Analyzing, designing, utilizing, and evaluating computer-based and non-computer-based financial information systems. Topics include and combine accounting, computers, management and business ethics, internal controls, information technology in accounting developments, and the systems approach to meeting business information needs and requirements. Prerequisite(s): B ACC 222 and B ITM 215, or equivalent. Offered fall semester only.
B ACC 400 Forensic Accounting and Fraud Detection (3)
This course provides an overview of occupational fraud including misappropriation of assets, financial statement fraud and corruption as well as other forensic accounting engagements such as tax fraud and matrimonial disputes. The course will explore the characteristics of specific fraud schemes along with the characteristics of those who perpetrate them (according to the Annual Report to the Nations compiled by the Association of Certified Fraud Examiners). Students will acquire an understanding of the generally accepted accounting principles violated by the schemes. Students will become versed in the principles of internal control over the financial reporting system including how these principles work to deter financial fraud and ensure compliance with external requirements. Relevant guidance from the professional, regulatory and legal environment will be discussed. Prerequisite(s): B ACC 211. Offered fall semester only.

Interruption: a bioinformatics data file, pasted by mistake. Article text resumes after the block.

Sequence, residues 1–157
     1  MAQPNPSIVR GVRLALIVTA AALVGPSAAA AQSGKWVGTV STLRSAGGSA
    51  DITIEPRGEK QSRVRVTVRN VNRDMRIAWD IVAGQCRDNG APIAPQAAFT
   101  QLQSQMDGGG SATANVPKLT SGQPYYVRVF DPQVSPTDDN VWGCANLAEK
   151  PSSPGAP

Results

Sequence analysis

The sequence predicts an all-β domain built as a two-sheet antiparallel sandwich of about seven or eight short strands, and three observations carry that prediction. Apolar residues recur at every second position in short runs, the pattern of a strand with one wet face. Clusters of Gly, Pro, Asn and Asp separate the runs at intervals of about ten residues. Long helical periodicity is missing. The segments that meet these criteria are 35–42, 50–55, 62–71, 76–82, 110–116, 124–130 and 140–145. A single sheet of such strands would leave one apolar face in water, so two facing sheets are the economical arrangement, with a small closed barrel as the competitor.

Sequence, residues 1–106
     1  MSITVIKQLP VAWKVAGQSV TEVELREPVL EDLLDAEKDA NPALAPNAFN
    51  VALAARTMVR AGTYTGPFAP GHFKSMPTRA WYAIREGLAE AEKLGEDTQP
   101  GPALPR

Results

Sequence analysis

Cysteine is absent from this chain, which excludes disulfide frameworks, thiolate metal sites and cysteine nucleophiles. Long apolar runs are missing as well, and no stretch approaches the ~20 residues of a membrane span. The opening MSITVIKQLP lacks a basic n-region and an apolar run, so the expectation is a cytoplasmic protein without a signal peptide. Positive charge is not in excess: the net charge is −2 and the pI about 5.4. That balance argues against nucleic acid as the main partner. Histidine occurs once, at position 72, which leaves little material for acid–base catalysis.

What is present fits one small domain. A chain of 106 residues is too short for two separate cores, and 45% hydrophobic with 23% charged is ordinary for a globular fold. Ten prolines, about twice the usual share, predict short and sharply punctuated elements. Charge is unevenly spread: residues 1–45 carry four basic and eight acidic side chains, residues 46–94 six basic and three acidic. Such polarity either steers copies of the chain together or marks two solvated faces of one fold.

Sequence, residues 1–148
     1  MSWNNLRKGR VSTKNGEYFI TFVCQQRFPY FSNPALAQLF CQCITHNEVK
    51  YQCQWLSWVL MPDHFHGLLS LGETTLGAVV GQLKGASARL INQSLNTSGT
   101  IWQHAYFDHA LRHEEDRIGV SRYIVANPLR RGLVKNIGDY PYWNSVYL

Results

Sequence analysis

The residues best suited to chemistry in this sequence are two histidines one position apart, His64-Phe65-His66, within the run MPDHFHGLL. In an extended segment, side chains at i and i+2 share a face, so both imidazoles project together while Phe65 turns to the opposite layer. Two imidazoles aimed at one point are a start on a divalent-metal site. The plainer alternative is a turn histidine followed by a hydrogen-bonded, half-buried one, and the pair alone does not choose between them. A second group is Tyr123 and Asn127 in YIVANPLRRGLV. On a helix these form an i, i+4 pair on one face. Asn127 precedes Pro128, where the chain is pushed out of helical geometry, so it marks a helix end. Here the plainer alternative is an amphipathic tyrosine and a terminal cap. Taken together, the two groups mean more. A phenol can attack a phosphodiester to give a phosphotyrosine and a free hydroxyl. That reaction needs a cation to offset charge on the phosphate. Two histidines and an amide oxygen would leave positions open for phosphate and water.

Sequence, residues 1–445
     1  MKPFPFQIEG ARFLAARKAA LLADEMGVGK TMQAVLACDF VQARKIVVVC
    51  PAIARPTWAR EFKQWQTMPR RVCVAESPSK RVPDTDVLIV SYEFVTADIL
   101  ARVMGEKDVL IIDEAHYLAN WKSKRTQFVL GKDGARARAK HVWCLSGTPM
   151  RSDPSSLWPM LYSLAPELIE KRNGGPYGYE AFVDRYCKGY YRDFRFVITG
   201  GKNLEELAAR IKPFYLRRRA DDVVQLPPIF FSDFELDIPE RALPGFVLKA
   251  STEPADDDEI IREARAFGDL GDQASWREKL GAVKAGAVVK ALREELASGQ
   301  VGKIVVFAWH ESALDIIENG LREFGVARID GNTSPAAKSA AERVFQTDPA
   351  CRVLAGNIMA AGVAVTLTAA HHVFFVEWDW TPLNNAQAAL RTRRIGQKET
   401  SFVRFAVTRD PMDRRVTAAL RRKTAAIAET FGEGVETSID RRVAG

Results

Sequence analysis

B ACC 401 Forensic Accounting Investigative Techniques (3)
Students will learn the process and principal techniques for conducting fraud examinations and other forensic investigations as well as why careful attention to them is critical to a successful investigation. Students will learn the role of analytical review procedures in the investigation of financial fraud. Document analysis and the art of effective interviewing during investigations will be explored. Students will learn the proper procedures for evidence handling. Finally students will learn to write a report that succinctly and effectively communicates the completed investigation. Relevant guidance from the professional, regulatory and legal environment will be discussed. Prerequisite(s): B ACC 400. Offered spring semester only.